Back in late October, I re-united with a few old friends of mine to participate in Rails Rumble. The Rumble is a developer competition that allots 48 hours to design, develop and deploy a web application of your choice — not dissimilar to Startup Weekend. Leatherbound was the result.
Within the first day of launching the site, we had over 11,000 unique visitors to the site, over 50,000 search queries and $7.79 in revenue… cha ching. What was initially started as a fun weekend project, turned out to be much more. Here’s what I learned about launching lean from that caffeine filled weekend.
Simplicity WINS – When you’ve only got 48 hours to develop an application, you’re forced to think simplistically. That was obviously the case with Leatherbound. You hit the site and have two options; type in a search query or check out one of the suggested searches. There’s no how it works pages, no tutorial videos, and especially no “request a demo” links. I learned that people like simple. They like using a site that allows them to be fluent right away. When you’re launching lean, there’s a concept of an MVP, or minimum viable product. This was our MVP. Of course we would’ve loved to add additional features like price drop alerts, wish list, and the like, but launching with the core functionality allowed us to test the concept, without any wasted time.
Revenue Models DO Exist – Weird, I know. Luckily we picked an idea that allowed us to monetize right away, but there’s a valuable lesson there. It is possible to generate revenue right away (for those of you that didn’t pick up on it, we’re monetizing through referral links). In an industry full of VC funding, we tend to forget that money matters. After this weekend, I realized that there’s more to web 2.0 than the simple goal of building a userbase. Monetization is important and very much possible.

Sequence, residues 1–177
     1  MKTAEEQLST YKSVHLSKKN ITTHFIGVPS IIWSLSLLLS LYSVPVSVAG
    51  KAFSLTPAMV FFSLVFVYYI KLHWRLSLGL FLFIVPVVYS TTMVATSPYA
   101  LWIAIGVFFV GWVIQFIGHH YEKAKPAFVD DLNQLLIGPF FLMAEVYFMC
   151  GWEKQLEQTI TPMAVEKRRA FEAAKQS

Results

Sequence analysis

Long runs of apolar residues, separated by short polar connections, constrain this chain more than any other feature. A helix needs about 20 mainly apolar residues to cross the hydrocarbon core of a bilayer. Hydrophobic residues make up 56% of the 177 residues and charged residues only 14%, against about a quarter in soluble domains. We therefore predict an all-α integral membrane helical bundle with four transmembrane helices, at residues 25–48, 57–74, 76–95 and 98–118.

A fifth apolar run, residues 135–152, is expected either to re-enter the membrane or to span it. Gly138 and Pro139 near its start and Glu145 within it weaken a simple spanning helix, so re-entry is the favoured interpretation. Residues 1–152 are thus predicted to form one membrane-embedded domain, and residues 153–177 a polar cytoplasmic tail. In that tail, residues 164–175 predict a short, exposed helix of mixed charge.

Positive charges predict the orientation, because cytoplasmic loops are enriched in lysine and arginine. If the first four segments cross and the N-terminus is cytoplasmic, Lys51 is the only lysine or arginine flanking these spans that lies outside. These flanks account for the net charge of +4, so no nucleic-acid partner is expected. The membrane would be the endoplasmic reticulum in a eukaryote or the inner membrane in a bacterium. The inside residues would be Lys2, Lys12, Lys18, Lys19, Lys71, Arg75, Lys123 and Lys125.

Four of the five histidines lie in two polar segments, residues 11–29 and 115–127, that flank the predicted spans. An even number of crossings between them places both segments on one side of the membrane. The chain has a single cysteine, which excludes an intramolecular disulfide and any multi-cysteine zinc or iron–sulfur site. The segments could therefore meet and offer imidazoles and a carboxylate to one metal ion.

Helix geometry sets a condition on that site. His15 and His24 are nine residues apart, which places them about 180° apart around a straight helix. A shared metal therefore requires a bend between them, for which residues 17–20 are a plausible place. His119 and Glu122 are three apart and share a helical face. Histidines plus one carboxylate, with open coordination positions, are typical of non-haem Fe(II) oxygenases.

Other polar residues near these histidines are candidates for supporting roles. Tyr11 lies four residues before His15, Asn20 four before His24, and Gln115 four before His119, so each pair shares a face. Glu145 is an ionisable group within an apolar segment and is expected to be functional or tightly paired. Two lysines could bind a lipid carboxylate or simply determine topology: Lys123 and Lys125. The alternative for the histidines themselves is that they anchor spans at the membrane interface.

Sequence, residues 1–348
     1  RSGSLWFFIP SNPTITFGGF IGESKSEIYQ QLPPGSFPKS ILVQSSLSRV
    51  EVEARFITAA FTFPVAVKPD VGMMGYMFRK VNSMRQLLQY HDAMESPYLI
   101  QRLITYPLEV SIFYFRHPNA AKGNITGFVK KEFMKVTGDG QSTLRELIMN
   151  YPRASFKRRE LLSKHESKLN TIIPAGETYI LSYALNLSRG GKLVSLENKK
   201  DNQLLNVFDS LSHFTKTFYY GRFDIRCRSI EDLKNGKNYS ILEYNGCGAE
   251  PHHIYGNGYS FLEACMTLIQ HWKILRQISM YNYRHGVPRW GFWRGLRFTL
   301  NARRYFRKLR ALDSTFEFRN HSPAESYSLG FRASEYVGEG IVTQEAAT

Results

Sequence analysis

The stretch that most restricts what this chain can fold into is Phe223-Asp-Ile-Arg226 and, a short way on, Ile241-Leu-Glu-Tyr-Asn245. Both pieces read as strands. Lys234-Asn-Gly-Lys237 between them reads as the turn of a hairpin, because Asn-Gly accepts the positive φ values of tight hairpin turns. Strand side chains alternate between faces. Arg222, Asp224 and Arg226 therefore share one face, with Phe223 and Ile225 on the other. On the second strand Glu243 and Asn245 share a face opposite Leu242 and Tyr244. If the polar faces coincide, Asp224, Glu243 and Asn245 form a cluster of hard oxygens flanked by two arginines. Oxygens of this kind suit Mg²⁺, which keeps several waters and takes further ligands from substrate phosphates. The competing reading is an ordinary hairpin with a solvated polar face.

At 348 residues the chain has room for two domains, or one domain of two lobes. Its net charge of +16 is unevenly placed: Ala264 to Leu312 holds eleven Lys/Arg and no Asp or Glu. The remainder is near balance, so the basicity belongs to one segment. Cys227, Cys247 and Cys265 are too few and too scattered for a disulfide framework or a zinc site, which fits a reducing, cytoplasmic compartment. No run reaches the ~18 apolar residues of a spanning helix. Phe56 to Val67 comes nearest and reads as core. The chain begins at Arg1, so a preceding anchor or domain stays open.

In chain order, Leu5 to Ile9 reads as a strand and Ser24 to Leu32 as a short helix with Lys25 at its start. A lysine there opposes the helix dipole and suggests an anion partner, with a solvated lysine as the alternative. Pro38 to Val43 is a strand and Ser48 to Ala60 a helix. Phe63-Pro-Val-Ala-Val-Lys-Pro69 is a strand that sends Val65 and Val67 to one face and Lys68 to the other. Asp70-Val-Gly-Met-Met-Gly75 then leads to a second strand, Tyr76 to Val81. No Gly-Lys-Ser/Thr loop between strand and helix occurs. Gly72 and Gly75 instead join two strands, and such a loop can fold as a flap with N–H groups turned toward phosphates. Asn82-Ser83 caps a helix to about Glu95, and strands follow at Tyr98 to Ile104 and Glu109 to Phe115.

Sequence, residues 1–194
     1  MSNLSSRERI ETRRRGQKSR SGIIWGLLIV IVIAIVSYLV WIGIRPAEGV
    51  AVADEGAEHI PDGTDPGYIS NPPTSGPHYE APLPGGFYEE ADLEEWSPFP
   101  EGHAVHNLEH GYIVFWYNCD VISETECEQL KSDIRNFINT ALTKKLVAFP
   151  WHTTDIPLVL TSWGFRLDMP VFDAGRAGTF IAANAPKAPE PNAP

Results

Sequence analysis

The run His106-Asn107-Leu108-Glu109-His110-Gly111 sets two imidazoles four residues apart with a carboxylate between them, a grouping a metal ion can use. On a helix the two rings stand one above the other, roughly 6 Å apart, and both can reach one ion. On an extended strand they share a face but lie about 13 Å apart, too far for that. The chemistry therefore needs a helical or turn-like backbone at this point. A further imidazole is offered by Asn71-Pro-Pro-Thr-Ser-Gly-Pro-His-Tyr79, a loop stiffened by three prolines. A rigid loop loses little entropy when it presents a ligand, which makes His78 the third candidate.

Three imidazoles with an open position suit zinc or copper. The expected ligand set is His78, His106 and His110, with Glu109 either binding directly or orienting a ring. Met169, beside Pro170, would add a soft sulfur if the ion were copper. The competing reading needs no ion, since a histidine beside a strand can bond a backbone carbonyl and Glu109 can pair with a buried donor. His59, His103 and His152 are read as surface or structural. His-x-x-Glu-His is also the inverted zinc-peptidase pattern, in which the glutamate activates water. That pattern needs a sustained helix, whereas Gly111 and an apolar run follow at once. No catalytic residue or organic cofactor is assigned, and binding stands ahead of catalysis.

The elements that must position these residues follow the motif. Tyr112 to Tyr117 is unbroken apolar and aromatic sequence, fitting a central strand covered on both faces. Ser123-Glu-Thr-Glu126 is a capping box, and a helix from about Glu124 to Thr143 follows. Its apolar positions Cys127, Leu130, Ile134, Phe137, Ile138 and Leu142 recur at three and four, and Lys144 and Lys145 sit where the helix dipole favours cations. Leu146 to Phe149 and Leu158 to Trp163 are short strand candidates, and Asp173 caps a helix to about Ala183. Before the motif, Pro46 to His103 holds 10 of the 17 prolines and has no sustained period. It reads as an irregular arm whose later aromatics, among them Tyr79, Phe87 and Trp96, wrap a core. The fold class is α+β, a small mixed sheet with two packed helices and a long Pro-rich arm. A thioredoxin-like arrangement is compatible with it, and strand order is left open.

Press = Kick Ass Product + A Good Story – You don’t have to be a PR professional to crack that equation. It’s simple, if you have a good product with some remanence of an interesting story, you’ll get covered. From our fun little weekend project we picked up articles in Wired, TechCrunch, Lifehack
Keep Good People Close – I’ve learned the hard way that you can’t do business with people you can’t trust. There are few people you meet in your life that you truly trust and respect. Luckily, I’ve been able to find a pretty good group of people that fall into this category. The three guys that I worked with on Leatherbound definitely fit that description. It’s important to remember how valuable those people are to you. Keep good people close.
Some Final Words – Experiences like this aren’t going to be picked up in a classroom. Don’t be afraid to get involved in projects like this. I’m far from a developer, yet I participated in a developer contest. It doesn’t matter what you do, there’s learning experiences in almost everything. Motion causes emotion… get moving.